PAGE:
Implementation and sustainability of community-directed treatment of onchocerciasis with ivermectin
Report of a multi-country study
This report describes the findings of a multi-country study which was designed to address the question of long-term sustainability of community directed treatment with ivermectin (CDTI) for onchocerciasis control. The development of CDTI was pioneered by TDR in 1995 and adopted by the African Programme for Onchocerciasis Control (APOC) in 1996. Based on the philosophy that communities take responsibility for organizing their own distribution of the drug ivermectin, CDTI was shown to improve treatment coverage in early short-term projects. As onchocerciasis control using ivermectin needs to continue for at least 15 years in endemic communities, the next step was to identify factors to predict sustainability, and develop interventions to enhance sustainability of CDTI.
Baseline studies conducted in Ghana, Mali, Togo, and at three sites in Nigeria, showed that there was poor communication and interaction between community members and health workers. An 'enhanced' CDTI was developed, which included stakeholders meetings that brought together community representatives, health workers and members of community-based organizations to plan CDTI in villages clusters. This enhanced method had no effect on treatment coverage, but according to several qualitative process indicators, it resulted in important reinforcement of the community directed treatment process and enhanced commitment of both community and health workers to sustaining CDTI.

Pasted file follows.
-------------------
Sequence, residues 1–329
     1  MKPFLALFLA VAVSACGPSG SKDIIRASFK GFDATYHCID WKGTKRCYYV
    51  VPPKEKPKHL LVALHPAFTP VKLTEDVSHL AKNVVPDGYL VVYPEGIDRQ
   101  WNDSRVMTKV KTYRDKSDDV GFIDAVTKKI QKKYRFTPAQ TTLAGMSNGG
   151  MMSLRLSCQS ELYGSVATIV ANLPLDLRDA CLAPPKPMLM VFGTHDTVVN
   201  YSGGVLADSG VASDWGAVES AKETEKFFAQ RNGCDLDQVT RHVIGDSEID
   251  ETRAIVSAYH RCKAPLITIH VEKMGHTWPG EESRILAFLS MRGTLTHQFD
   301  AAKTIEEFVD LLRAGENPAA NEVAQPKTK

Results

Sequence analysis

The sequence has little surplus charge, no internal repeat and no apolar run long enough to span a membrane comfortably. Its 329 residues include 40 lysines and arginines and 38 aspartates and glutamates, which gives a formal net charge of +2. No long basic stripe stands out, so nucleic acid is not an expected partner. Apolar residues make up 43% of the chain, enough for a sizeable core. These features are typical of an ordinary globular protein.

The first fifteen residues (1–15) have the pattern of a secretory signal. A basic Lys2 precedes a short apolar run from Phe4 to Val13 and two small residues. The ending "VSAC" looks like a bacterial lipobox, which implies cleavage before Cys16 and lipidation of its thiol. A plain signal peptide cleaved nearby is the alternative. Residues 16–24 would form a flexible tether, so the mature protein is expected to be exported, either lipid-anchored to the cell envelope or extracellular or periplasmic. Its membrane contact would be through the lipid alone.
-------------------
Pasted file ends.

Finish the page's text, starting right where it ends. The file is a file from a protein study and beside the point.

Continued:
Full details of methodologies, results and conclusions are given in the report, which is organized into nine chapters: background, objectives, methodology, study sites, phase I findings, intervention process, phase II results, conclusions and references.